Martian Gullies Illuminated?

The rim of this Martian scarp near the south pole bears features that appear to be recent erosion by liquid water. A study announced last week suggests that these features are due to surface melting of ground ices and subsequent debris flows during a time when Mars's tilt angle to the Sun was much greater than today. The image measures about 2.8 kilometers (1.7 miles) across.
Courtesy NASA/JPL/Malin Space Science Systems.
Scientists may be closer to answering the question of
how enigmatic Martian gullies form. According to research presented
by François Costard, François Forget (University of
Paris), and others last week at a meeting of planetary scientists,
changes in the planet's obliquity (polar tilt) can lead to melting
of shallow subsurface ice.

Forget notes that in Jameson Land, Greenland, the tops
of permafrost layers between 80 and 220 meters thick can thaw episodically
during the summer. Near the poles, as the ground soaks in more sunlight,
the mean soil temperature can rise above freezing, and gullies form
as a result. "These gullies don't involve water runoff, but are instead
debris flows — the melt of subsurface water mixed with rock,"
says Forget.

Permafrost regions on Mars may be analogous. Mars's
obliquity is known to cycle radically between 0° and 60°.
Currently the planet is tilted at 25.2° to its orbit. But during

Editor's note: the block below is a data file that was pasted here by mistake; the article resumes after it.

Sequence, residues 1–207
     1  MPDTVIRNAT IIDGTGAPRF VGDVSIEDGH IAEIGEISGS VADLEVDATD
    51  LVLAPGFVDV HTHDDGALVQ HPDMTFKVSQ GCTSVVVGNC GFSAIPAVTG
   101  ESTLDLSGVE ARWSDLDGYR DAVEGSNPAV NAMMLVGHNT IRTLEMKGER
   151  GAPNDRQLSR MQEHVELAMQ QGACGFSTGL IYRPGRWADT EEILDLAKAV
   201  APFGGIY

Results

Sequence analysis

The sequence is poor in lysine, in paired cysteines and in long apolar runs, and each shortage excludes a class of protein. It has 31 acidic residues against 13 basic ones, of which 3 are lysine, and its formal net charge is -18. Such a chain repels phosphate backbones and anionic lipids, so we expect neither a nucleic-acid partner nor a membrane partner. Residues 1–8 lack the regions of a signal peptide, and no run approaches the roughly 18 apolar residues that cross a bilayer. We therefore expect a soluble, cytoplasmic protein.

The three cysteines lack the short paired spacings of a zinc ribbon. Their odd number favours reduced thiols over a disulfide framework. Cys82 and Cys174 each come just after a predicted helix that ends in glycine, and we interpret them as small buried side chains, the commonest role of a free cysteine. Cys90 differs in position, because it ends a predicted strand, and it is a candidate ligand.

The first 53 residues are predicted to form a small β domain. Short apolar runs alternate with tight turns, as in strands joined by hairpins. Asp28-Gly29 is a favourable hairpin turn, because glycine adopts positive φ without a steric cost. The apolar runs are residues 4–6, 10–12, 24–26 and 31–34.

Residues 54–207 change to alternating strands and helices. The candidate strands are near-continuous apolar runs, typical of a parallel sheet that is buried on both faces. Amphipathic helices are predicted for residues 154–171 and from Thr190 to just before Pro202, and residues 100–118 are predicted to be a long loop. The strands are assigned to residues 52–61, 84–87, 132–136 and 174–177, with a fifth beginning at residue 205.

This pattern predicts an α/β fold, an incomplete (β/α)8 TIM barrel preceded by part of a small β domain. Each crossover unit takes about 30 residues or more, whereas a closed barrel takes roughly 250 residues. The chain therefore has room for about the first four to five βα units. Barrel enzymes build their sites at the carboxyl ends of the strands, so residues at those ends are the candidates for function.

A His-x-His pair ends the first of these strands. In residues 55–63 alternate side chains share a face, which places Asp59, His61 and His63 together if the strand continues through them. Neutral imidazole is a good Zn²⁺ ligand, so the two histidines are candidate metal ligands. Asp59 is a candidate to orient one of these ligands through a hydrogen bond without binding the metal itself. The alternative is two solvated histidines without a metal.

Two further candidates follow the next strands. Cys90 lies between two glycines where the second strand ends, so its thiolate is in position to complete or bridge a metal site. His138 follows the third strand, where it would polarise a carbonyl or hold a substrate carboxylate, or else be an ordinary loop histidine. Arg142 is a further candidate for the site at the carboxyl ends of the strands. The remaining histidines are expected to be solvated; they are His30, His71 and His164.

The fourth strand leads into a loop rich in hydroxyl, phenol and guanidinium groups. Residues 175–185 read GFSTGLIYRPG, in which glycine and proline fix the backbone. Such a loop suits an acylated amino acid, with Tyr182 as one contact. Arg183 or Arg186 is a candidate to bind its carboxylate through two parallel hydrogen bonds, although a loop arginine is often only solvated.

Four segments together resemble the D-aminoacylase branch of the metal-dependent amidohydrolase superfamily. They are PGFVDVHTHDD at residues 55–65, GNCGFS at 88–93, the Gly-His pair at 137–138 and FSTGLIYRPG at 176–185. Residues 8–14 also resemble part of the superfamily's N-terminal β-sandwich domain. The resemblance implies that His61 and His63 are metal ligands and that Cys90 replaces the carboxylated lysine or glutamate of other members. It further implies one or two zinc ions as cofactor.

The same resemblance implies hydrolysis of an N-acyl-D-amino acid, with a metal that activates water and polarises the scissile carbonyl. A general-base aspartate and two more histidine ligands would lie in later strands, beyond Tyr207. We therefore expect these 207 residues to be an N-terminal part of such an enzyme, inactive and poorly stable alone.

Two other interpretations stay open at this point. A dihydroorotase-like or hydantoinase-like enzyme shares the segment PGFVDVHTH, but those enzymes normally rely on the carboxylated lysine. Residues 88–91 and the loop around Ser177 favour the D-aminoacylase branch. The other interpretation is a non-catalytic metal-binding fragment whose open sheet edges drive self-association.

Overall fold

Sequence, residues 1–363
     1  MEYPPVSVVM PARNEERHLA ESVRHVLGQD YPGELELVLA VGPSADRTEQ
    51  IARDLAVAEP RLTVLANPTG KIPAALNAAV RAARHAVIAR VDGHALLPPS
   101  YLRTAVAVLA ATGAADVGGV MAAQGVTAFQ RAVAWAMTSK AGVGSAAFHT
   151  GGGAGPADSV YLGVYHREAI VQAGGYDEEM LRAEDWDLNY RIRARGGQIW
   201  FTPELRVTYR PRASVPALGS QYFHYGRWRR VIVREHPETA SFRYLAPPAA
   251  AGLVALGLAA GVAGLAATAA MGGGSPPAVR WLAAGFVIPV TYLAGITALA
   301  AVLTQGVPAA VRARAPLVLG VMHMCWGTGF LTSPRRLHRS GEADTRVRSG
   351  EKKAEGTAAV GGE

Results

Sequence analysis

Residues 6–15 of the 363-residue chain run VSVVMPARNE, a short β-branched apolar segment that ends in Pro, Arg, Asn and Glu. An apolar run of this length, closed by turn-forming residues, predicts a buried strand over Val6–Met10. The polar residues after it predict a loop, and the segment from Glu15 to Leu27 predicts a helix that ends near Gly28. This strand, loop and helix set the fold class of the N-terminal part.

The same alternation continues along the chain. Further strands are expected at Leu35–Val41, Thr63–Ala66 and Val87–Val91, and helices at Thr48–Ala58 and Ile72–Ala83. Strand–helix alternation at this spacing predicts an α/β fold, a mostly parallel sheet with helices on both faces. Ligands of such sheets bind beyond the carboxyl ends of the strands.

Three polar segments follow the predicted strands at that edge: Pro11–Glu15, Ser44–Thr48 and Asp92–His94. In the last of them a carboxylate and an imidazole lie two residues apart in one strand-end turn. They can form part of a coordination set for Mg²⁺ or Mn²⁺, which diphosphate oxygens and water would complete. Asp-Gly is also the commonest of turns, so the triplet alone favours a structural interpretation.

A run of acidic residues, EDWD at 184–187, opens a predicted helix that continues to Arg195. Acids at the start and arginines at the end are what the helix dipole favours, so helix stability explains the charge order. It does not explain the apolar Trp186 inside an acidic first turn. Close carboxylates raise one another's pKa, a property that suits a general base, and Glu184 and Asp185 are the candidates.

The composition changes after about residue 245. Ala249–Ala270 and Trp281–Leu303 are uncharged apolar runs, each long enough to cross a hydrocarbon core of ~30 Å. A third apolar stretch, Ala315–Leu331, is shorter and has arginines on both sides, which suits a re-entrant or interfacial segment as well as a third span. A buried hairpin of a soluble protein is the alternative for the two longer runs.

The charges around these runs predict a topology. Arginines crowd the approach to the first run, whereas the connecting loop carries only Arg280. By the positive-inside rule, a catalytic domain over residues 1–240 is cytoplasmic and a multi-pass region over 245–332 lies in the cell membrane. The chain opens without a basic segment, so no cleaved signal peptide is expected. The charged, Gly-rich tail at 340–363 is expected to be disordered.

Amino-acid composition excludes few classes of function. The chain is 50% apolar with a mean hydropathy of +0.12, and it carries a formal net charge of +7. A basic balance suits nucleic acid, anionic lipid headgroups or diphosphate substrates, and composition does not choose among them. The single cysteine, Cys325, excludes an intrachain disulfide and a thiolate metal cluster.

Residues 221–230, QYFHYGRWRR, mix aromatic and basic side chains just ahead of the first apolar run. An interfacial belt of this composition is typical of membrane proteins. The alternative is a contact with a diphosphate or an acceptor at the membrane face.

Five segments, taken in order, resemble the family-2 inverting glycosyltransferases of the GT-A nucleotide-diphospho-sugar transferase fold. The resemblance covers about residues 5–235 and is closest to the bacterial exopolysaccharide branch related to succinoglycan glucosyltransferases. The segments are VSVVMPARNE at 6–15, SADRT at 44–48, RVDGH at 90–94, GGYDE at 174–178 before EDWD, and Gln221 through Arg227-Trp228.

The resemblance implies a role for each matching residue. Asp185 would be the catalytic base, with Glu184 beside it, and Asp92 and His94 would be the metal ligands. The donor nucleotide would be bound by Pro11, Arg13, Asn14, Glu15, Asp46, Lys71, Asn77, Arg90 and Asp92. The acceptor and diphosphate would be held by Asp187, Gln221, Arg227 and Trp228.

periods of higher obliquity (above 30°) the poles can experience
enough time in the Sun to warm the topmost ground layers above freezing.
The model also explains why the Martian gullies tend not to congregate
near the equator. During periods of high obliquity, the poles get
more Sun than the planet's midsection.

Costard and Forget's theory argues strongly against
several existing scenarios used by scientists to explain the gullies.
One largely debated idea involves the existence of subsurface aquifers
that are capped by ice plugs. When a plug cracks, the water comes
out, forming a gully. But no one could explain how the aquifers could
stay liquid within a permafrost layer given Mars's limited geothermal
activity. Outflows of thawing carbon dioxide ice have also been proposed.

The model isn't flawless though. A major hurdle to overcome
involves keeping water liquid on the surface. Given the current atmosphere
of Mars, any liquid water should rapidly evaporate away. A possible
solution is that during periods of high obliquity, Mars's atmosphere
is thicker, perhaps due to the sublimation of polar carbon dioxide
ices (see story below). A thicker atmosphere could maintain liquid
water long enough to form the gullies.

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